The Participle

A recent question was sent our way: Why do we introduce the Participle so late in our textbook (lesson 42)?

One might be tempted to think that our rationale was simply that not everything can be first. However, there is a specific strategy to presenting the Participle much later than the Perfect and Imperfect forms (lessons 16, 19, 23, and 27). The relatively late introduction is especially noticeable if one compares our grammar with Modern Hebrew grammars, which tend to introduce the Participle prior to the Perfect and Imperfect conjugations. This contrast is significant, since the predicative Participle is thought of as the typical present-tense verb in Modern Hebrew grammar.

By contrast, although the Participle regularly expresses progressive aspect in Biblical, it is neither fully integrated in the verbal “system” of oppositions nor limited to predicatively expressing progressive aspect. Rather, it is properly classified as an adjective (see John A. Cook, “The Participle and Stative in Typological Perspective,” Journal of Northwest Semitic Languages 34/1 [2008]: 1–19), a lexical class that some linguists simply define in the negative as neither noun nor verb (e.g., Mark C. Baker, Lexical Categories: Verbs, Nouns, and Adjectives, Cambridge Studies in Linguistics 102 [Cambridge: Cambridge University Press, 2003]).

As neither nouns nor verbs, adjectives may exhibit varying degrees of features like one or the other: the most productive classes of adjectives (e.g., qāṭol pattern גָּדוֹל) is very noun-like, whereas the stative adjective is very verb-like (i.e., they can be inflected nominally or verbally). The Participle stands between these extremes, participating in the binyanim system but being inflected with nominal agreement features. Most importantly, however, for our placement of the Participle in lesson 42, its participation in the system of verbal oppositions is only partial and emerging in the biblical period of the language. Thus, as a marginal “verbal” conjugation, it makes sense that it is taught only after grammatical components closer to the core.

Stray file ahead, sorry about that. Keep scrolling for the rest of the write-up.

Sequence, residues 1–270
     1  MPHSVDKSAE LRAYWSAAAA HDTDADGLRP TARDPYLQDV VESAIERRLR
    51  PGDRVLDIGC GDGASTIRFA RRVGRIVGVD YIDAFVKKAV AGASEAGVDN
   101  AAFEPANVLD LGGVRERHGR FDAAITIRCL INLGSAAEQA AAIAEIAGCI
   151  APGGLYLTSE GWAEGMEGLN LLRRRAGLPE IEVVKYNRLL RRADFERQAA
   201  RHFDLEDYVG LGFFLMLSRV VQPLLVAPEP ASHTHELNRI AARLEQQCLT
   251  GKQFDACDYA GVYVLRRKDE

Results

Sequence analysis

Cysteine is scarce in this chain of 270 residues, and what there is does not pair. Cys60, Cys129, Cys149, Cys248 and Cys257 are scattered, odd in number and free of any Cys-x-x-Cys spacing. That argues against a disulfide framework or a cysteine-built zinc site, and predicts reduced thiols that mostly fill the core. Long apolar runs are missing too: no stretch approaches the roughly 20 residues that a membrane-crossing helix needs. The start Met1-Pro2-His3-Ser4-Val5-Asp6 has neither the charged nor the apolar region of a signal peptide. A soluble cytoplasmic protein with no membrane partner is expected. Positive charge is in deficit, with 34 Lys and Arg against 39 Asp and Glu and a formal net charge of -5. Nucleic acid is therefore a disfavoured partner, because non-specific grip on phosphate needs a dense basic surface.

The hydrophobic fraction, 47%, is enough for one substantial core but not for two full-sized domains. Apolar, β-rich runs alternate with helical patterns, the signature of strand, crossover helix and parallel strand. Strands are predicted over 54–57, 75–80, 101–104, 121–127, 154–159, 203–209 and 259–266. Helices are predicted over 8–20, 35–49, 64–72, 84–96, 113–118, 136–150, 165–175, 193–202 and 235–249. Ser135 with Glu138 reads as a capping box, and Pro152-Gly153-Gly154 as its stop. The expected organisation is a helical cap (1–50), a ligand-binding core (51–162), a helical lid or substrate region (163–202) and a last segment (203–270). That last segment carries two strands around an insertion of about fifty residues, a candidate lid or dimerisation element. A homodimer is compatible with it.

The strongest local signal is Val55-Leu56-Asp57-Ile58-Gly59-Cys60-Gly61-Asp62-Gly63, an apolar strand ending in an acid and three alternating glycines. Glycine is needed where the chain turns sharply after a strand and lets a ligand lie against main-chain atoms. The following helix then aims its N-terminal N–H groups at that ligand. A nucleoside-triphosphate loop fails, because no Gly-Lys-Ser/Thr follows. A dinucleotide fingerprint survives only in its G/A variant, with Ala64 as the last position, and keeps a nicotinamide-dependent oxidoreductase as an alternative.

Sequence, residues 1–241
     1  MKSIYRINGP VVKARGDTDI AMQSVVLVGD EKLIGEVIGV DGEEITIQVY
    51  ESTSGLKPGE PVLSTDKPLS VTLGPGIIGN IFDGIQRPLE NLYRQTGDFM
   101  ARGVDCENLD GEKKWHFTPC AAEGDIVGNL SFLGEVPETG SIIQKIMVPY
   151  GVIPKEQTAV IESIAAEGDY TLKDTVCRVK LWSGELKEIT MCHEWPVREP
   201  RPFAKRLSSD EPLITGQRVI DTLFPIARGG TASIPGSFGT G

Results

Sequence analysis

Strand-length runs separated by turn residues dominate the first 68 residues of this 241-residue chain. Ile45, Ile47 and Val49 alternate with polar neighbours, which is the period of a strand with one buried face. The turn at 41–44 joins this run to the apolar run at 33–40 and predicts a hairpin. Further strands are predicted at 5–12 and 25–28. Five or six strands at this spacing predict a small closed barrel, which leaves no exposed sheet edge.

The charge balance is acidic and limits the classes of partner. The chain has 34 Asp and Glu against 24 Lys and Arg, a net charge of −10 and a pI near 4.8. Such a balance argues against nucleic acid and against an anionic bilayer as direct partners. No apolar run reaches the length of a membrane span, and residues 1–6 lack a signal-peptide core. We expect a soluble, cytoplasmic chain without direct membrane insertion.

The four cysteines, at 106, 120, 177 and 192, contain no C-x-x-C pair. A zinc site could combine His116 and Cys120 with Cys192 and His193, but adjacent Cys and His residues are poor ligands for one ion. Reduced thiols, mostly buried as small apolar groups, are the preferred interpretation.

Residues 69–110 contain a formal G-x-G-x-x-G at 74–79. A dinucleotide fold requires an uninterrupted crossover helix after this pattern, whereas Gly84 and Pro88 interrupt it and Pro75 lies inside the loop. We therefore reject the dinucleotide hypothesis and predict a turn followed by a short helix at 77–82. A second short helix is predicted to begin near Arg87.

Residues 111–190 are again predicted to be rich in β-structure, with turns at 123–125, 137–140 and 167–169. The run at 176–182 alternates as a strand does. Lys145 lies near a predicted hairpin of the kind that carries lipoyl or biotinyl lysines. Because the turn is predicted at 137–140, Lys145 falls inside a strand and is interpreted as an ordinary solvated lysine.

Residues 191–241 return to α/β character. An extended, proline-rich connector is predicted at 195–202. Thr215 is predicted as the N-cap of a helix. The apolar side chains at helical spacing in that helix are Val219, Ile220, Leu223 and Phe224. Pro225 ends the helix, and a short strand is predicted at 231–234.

On Word Stress

An eagle-eyed instructor asked us recently about our use of stress-marking (the ‘oleh  א֫) we use for unexpected word stress, such as a non-final syllable (i.e., the penultima) in nouns or a final syllable (i.e., the ultima) in the Irreal Perfect (weqataltí). He noted what he thought was an incorrect marking of the Irreal Perfect forms on p. 67 and r-20, 23. In other words, he rightly understand that we intended the forms as Irreal Perfects, but since we had not marked the stress on the ultima, it would naturally be read as a Real Perfect. 


My response is that the lack of ultima stress-marking on weqatalti forms is intentional. E. J. Revell (Professor emeritus, NMC, University of Toronto), published a number of studies in the mid-80s on this issue. He concluded that the position of the stress on the so-called waw-consecutive form was not tied to the semantics of the form, but to phrasal prosody. We find his argument compelling. Thus, in our textbook we chose not to perpetuate what we think to be a ghost phenomenon.

The non-paradigmatic stress-marking in the textbook follows this principle: when copying an exact biblical text, we add stress-marking on any non-paradigmatic syllable (e.g., the ultima in weqataltí) IF it is so placed in the Masoretic Text. Otherwise, we maintain the paradigm marking (weqatálti) throughout, regardless of verbal semantics. 

We recommend the following scholarship on this issue:

Revell, E.J. 

1984. Stress and the Waw “Consecutive” in Biblical Hebrew. Journal of the American Oriental Society 104 (3): 437-44.

1985. The Conditioning of Stress Position in Waw Consecutive Perfect Forms in Biblical Hebrew. Hebrew Annual Review 9 277-300.

1987. Stress Position in Hebrew Verb Forms with Vocalic Affix. Journal of Semitic Studies 32 (2): 249-71.